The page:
Data science without statistics is possible, even desirable

The purpose of this article is to clarify a few misconceptions about data and statistical science.

I will start with a controversial statement: data science barely uses statistical science and techniques. The truth is actually more nuanced, as explained below.

1. Data science heavily uses new statistical science

But the new statistical science in question is not regarded as statistics, by many statisticians. I don't know how to call it, "new statistical science" is a misnomer, because it is not all that novel. And it is regarded by statisticians as dirty data processing, not elegant statistics.

It contains topics such as

  • Hidden decision trees: blending multiple simple scoring/clustering engines to take advantage of sparsity in big data
  • Predictive power for data reduction and feature selection
  • Combinatorial feature selection
  • Jackknife regression: unites hundreds of confusing regression methods, providing a simple, easy-to-interpret, robust predictive technique based on approximate, low-dimensional solutions, avoiding the curse of dimensionality, avoiding over-fitting, and providing slightly biased estimates (a terrible sin for statisticians!) 
  • Random numbers: new kind of simulators of high quality, and non-periodic
  • Pattern recognition: detection of structures and signal, identifying true signal in an ocean of spurious correlations
  • Clustering big data without using n x n matrices, but using hash tables and Map-Reduce
  • Real time architectures for predictive modeling
  • Model-free confidence intervals based on statistics computed across multiple similar data bins
  • Synthetic metrics such as bumpiness coefficient, or scale-independent variance (another big sin for statisticians!)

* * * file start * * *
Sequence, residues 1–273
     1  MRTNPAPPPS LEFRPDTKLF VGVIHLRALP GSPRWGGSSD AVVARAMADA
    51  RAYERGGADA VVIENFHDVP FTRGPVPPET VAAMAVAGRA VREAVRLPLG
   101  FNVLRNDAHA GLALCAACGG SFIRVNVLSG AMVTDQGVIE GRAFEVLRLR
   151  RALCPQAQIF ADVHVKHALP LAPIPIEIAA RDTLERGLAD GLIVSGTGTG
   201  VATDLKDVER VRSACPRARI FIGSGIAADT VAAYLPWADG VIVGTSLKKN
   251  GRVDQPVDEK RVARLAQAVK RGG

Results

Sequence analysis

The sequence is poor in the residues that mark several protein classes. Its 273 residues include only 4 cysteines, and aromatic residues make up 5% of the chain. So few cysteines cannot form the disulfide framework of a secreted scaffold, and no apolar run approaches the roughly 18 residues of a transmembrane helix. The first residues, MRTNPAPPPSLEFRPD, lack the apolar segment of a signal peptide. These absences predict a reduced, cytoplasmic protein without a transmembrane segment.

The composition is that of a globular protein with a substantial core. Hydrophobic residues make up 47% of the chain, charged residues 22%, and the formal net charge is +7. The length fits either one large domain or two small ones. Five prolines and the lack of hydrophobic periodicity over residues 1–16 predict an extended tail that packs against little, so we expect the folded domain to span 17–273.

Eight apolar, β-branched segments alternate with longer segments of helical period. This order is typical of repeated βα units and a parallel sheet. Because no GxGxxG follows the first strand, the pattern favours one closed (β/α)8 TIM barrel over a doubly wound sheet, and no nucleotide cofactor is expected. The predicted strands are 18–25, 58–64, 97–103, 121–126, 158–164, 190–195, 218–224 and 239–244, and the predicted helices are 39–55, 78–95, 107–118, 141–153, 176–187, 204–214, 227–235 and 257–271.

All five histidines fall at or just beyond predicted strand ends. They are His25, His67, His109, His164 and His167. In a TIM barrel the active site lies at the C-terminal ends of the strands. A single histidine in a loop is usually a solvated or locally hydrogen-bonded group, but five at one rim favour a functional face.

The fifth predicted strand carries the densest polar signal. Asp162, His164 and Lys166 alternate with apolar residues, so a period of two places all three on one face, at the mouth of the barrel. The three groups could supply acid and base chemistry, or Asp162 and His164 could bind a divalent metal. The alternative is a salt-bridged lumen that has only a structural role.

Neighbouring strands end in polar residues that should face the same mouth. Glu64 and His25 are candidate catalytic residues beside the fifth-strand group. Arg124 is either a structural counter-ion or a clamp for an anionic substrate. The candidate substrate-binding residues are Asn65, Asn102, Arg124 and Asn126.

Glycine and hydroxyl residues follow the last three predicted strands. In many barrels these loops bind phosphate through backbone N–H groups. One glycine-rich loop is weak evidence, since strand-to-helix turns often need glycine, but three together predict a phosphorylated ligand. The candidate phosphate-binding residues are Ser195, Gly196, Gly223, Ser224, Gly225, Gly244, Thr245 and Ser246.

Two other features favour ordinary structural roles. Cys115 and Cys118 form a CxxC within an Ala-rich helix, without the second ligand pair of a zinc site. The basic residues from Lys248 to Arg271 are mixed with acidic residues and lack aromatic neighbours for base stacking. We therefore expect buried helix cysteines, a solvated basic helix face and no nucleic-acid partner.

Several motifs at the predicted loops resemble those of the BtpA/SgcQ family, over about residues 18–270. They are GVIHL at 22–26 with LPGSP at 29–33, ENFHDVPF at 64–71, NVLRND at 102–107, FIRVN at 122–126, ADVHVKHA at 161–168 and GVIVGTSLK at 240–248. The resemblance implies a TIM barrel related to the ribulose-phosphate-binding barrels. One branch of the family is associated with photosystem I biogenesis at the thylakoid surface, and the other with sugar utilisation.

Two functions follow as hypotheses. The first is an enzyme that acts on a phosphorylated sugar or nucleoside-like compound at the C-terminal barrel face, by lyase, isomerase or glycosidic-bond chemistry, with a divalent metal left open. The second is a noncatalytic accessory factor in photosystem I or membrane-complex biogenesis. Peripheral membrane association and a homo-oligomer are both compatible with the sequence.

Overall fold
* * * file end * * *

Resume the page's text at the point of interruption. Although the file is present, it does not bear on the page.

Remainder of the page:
• Data bucketization, interpolation and extrapolations at the bucket level

I have sometimes used the word rebel statistics  to describe these methods.

While I consider these topics to be statistical science (I contributed to many of them myself, and my background is in computational statistics), most statisticians I talked to do not see it as statistical science. And calling this stuff statistics only creates confusion, especially for hiring managers.

Some people call it statistical learning. One of the precursors of this type of methods is Trevor Hastie who wrote one of the first data science books, called The Elements of Statistical Learning.

2. Data science uses a bit of old statistical science

Including the following topics, which curiously enough, are not found in standard statistical textbooks:

  • Time series, ARMA (auto-regressive) processes, correlograms
  • Spatial and cluster processes
  • Survival models
  • Markov processes
  • Goodness-of-fit techniques
  • Experimental design 101 (not the advanced techniques used in clinical trials)
  • A/B and multivariate testing, but without traditional tests of hypotheses
  • Simulation, Markov-Chains Monte-Carlo methods
  • Some Bayesian stuff, hierarchical models
  • Rank statistics, percentiles, outliers detection (preferably not model-based)
  • The concept of statistical significance (but not p-values or power)
  • Cross validation
  • Imputation techniques (dealing with missing data)